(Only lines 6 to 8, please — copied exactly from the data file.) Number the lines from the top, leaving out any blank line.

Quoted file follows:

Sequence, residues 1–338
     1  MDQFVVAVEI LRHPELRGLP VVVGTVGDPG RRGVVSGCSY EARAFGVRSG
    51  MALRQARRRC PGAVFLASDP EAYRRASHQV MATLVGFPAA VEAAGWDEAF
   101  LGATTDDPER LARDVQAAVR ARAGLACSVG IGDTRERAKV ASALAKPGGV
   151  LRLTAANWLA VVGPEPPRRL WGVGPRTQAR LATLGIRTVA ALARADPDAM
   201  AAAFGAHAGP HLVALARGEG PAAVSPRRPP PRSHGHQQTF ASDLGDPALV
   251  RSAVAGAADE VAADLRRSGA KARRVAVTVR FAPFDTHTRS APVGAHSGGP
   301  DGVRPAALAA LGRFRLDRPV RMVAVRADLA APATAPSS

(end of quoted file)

   201  AAAFGAHAGP HLVALARGEG PAAVSPRRPP PRSHGHQQTF ASDLGDPALV
   251  RSAVAGAADE VAADLRRSGA KARRVAVTVR FAPFDTHTRS APVGAHSGGP
   301  DGVRPAALAA LGRFRLDRPV RMVAVRADLA APATAPSS